Tennessee State Capitol

A variety of new state laws have taken effect in in January including a new type of concealed carry firearm permit and new grant opportunities for volunteer fire departments. Some of the most impactful laws are detailed below.


The new law renames the existing handgun carry permit as the "enhanced handgun carry permit" and creates a new "concealed handgun carry permit." 

Concealed handgun permit holders must complete a 90-minute online video training course that requires no hands-on training with a firearm, while enhanced permit holders are required to have more rigorous hands-on training.

According to the TN General Assembly website, the permits differ in several ways including allowing an enhanced permit carrier to carry a handgun however they choose, while the concealed handgun carry permit will only authorize the holder to carry in a concealed manner.

An applicant for an enhanced handgun carry permit must submit fingerprints, which are used by the TBI and FBI for criminal history background checks, while an applicant for a concealed handgun carry permit will only be required to undergo a name-based criminal history record check.

The law also requires concealed handgun permit applicants to submit two sets of fingerprints, which will be sent to the TBI and the sheriff of the county in which the applicant resides. 

The sheriff will then provide the department with any information regarding the truthfulness of the applicant's answers to eligibility requirements, and the TBI will conduct searches and records checks as provided for in present law.

The concealed permit has a $65 fee which does not include the price of the required course, while the enhanced permit has a $100 fee.

Five third party vendors have been approved by the Tennessee Department of Safety and Homeland Security to provide the digital courses including Tier One Tactics, Clarksville Guns and Archery Tennessee Carry Permit Online School, USCCA 90 Minute Concealed Carry Course, CCP Express and Tennessee Concealed Handgun Carry Permit.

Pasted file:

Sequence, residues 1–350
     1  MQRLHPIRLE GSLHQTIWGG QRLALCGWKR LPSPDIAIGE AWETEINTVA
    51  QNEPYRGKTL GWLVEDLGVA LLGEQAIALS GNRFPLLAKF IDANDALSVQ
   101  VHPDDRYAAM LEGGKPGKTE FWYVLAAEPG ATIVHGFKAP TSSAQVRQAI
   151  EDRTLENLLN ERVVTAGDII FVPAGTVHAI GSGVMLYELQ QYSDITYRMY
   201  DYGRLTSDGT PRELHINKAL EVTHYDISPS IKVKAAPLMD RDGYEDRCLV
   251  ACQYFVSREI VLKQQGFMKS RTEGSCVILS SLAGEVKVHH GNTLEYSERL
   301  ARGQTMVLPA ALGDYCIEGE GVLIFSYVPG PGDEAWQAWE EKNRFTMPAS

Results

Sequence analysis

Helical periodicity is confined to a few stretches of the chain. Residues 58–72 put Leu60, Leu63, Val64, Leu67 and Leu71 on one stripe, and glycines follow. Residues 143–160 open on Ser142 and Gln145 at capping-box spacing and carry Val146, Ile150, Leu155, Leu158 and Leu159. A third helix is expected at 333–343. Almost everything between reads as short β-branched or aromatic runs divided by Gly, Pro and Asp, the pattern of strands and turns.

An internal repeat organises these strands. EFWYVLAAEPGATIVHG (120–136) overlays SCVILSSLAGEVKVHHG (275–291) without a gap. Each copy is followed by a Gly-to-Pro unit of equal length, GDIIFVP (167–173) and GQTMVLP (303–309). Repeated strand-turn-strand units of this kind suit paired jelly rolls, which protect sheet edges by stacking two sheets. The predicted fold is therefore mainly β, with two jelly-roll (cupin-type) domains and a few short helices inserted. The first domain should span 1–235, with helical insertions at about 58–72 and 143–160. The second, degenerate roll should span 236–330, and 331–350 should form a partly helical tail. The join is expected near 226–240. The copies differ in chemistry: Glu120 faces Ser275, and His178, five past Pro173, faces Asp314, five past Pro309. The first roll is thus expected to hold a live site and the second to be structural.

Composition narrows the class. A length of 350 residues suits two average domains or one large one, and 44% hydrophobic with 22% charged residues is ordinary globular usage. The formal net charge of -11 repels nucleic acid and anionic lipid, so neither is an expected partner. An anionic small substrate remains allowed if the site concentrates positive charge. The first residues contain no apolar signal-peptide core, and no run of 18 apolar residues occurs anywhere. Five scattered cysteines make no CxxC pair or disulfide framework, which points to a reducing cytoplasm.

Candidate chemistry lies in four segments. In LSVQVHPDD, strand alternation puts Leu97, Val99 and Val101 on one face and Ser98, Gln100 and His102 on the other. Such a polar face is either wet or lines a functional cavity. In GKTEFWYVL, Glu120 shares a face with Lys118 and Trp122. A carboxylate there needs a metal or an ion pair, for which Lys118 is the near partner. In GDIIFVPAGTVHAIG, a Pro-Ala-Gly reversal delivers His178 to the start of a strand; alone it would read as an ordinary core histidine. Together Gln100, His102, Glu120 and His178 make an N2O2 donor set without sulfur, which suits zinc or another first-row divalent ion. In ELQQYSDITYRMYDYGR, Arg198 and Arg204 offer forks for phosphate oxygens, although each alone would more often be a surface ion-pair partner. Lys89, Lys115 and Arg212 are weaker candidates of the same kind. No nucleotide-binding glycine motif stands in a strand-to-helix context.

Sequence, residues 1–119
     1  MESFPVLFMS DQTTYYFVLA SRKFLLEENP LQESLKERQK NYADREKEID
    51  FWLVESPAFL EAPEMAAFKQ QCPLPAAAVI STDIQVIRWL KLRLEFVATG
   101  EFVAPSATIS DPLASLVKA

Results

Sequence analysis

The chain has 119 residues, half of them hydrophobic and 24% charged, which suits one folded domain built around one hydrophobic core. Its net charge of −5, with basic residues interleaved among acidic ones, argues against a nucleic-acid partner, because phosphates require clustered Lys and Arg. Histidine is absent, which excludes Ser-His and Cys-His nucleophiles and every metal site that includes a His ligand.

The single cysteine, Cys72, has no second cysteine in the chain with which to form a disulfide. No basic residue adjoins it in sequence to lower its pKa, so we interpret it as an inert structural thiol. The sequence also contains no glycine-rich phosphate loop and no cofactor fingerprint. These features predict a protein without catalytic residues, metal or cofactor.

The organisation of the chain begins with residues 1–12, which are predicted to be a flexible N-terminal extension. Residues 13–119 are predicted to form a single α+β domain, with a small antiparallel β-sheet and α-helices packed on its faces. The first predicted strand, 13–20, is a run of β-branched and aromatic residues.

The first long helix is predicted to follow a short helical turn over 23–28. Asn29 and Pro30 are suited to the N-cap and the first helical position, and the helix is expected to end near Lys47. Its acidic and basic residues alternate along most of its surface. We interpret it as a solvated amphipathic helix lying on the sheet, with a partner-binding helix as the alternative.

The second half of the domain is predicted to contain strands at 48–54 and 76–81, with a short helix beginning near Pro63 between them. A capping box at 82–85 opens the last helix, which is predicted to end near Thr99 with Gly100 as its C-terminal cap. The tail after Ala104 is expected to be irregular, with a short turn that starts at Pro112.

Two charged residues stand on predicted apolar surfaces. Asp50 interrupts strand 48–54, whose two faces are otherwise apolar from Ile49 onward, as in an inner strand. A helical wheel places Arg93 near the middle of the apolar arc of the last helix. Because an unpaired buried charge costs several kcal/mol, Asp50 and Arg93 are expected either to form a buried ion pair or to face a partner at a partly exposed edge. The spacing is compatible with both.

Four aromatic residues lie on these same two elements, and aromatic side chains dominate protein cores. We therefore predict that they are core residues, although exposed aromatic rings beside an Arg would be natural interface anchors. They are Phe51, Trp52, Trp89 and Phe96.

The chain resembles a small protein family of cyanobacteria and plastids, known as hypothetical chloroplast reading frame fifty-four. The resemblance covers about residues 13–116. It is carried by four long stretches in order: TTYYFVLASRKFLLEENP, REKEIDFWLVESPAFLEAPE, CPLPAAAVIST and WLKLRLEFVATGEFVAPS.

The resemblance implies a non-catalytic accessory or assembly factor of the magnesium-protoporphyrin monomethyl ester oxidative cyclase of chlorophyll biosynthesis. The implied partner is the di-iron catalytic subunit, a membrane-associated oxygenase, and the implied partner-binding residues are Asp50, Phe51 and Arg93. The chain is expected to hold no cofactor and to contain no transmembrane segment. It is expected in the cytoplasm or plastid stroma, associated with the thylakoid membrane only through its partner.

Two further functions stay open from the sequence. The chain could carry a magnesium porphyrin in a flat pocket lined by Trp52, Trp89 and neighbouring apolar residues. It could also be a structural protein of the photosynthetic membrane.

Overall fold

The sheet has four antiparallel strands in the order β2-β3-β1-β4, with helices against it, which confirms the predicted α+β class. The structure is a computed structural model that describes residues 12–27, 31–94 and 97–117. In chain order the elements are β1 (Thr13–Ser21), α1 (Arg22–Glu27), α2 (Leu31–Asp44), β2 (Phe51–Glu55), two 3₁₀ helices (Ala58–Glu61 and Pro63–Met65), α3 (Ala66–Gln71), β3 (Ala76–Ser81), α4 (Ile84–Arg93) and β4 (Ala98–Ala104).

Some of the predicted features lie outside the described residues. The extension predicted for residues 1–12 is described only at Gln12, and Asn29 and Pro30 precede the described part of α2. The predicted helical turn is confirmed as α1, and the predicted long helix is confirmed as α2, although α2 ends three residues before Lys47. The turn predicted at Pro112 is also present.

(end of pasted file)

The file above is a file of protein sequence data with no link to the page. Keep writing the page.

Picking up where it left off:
More information about the specifics of the new law can be found here.


A law that requires an electronic prescription to be submitted by a doctor to a pharmacist for all schedule II substances, including opioids, has been delayed from Jan. 1 2020 to Jan. 1 2021.

According to the state, the law also requires all pharmacy dispensing software vendors operating in the state to update their systems to allow for partial filling of controlled substances, which is why the implementation of the law was delayed.

More information about the specifics of the law can be found here. 


The “Tennessee Right to Shop Act” went into effect as a law that requires health insurance companies to show the prices of services before treatment, offer health care incentives and allows patients to know out-of-pocket costs are upfront.

More information about the law can be found here. 

Another new healthcare law, “requires the state group insurance program to cover a physician prescribed hypofractionated proton therapy protocol to deliver a biological effective dose by paying the same aggregate amount as would be paid for the delivery of the same biological effective dose with IMRT for the same indication.”

The law requires certain conditions to be met on behalf of the medical provider and the patient.

Hypofractionated proton therapy is used to treat tumors and cancer.

More information about the law can be found here. 


The new law changes the penalty for knowingly physically abusing or grossly neglecting an impaired adult which results in serious mental or physical harm from a Class D to a Class C felony and creates new offenses based on specifics of the types abuse and severity of the injuries inflicted on an elderly person.

More information about the law can be found here. 


A new law creates the volunteer firefighter equipment and training grant program, which will provide annual grants to select volunteer fire departments to be used for the purchase of firefighting equipment or to meet local match requirements of federal grants for the purchase of firefighting equipment and training.  

More information about the law can be found here. 

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